While the rest of Iraq was in the grip of insurgency and sectarian civil war, the Kurds quietly advanced their economic-development policies, building an international airport, business hotels and hydro-electric dams and — most important — doing oil deals. They explained this autonomous engagement with international oil markets on the grounds that they couldn't wait for the barely functional Iraqi state to get its house in order. Indeed, such is the dismal state of Iraq's oil production (not yet back at pre-invasion levels, which were a fraction of its full potential) that in June, the Iraqi government allowed the Kurds to begin pumping oil extracted from newly developed Kurdish oil fields through federal pipelines for export sale to Turkey. (Currently, only Iraqi government companies can sell oil, the revenue from which is shared among the regions.)

Kurds have also grown impatient with Baghdad's stance on disputed territories. According to the Iraqi constitution, the central government should hold a referendum in the Kurdish-populated areas of four Iraqi governorates in northern Iraq (including Kirkuk) to determine whether they should remain under Baghdad's control or become part of the KRG. But even before that takes place, the constitution commits the Iraqi government to a potentially explosive reversing of Saddam's "Arabization" policies in these areas, moving Arabs out and Kurds in.

The Iraqi government has postponed the referendum several times from its original date in 2007, citing the understandable excuse that it could spark a new civil war between Kurds and Arabs.

But now that Iraq's government is increasingly stable, Kurdish leaders fear that Baghdad is merely playing for time, allowing the Iraqi military to grow in strength and capability as the U.S. moves to draw down, allowing the Iraqi government eventually to settle the issue the old-fashioned way: with tanks. Already, Kurdish and Iraqi forces have nearly clashed on several occasions in the disputed territories.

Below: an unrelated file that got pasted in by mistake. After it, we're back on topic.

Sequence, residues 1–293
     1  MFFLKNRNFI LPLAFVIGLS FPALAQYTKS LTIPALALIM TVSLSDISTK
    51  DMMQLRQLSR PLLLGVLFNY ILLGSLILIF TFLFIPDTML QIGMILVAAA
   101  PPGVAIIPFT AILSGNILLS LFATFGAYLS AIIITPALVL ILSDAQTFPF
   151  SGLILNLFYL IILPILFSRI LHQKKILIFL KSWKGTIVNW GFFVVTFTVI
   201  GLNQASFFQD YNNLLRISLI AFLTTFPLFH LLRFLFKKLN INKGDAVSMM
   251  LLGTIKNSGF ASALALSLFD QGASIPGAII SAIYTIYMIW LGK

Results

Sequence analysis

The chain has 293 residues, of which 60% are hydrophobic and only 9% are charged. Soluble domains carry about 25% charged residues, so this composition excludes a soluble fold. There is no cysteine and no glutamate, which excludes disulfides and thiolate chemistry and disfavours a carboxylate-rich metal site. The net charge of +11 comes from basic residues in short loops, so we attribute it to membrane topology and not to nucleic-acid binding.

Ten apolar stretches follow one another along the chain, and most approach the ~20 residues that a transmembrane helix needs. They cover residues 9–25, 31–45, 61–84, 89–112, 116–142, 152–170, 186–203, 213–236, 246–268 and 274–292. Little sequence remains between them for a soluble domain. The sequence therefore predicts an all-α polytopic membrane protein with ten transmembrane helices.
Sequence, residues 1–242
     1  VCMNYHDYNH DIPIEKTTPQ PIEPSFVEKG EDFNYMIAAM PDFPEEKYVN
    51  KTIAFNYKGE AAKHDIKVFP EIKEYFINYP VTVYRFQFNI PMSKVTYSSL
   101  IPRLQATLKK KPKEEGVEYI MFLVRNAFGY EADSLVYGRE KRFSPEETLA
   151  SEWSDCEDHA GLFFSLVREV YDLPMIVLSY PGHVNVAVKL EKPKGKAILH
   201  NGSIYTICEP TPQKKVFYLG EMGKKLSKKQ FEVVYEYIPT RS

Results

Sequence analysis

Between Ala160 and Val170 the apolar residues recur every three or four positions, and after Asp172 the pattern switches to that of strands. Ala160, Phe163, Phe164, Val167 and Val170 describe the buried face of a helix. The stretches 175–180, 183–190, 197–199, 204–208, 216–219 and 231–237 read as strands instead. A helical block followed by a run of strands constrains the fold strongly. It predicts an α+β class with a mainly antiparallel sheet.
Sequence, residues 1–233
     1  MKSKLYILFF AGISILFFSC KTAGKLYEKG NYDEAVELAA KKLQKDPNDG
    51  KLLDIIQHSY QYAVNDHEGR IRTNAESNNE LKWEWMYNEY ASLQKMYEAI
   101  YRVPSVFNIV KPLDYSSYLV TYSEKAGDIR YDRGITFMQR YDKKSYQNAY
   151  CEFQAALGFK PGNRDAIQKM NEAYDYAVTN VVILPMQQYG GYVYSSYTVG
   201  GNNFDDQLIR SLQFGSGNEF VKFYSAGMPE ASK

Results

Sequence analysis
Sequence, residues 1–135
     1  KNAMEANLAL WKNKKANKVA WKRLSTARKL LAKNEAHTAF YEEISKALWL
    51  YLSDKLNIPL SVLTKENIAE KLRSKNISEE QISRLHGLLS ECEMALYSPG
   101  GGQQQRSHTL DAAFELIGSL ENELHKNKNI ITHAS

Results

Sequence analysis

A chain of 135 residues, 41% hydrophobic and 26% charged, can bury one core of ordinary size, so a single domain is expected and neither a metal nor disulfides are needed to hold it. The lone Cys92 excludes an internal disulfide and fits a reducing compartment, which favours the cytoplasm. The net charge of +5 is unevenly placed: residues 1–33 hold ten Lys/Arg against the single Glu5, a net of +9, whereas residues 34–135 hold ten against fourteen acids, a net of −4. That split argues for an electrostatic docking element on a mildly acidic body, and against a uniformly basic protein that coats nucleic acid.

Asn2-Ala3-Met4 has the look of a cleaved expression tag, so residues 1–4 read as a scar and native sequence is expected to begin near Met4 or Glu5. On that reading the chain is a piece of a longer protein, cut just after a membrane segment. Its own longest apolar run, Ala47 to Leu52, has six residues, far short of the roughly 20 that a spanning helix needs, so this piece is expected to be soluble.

Last month, Kurdish lawmakers passed a regional constitution that unilaterally laid claim to the disputed territories and the oil resources in them. Though some Iraqi officials have said that the constitution amounts to a Kurdish declaration of independence, Kurdish leaders are pushing for a referendum to be held on the constitution as early as August.

Meanwhile, the domestic politics of both the Kurdish region and the wider Arab Iraq are pushing the two sides toward confrontation. In Kurdistan, where parliamentary elections will be held on June 25, a new party called Change is mounting the first significant challenge to the duopoly of Barzani's Kurdistan Democratic Party and the Patriotic Union of Kurdistan, led by Iraqi President Jalal Talabani. The new party is gaining ground by tapping into growing dissatisfaction with government corruption and nepotism. Although the parties credited with delivering today's de facto independence are likely to win, they have moved to strengthen their position by sharpening their tone toward Baghdad as the election approaches.

Baghdad has troubles of its own, which creates an incentive for Kurd-bashing. Most Iraqi Arabs have even less faith in their corrupt leadership class than Kurds have in theirs. And as al-Maliki consolidates his grip on power and styles himself as Iraq's new strongman, he may find that promising to push back against Kurdish efforts to dismember Iraq could help rally Arab Iraqis, both Sunni and Shi'ite, behind him. Hey, it worked for Saddam.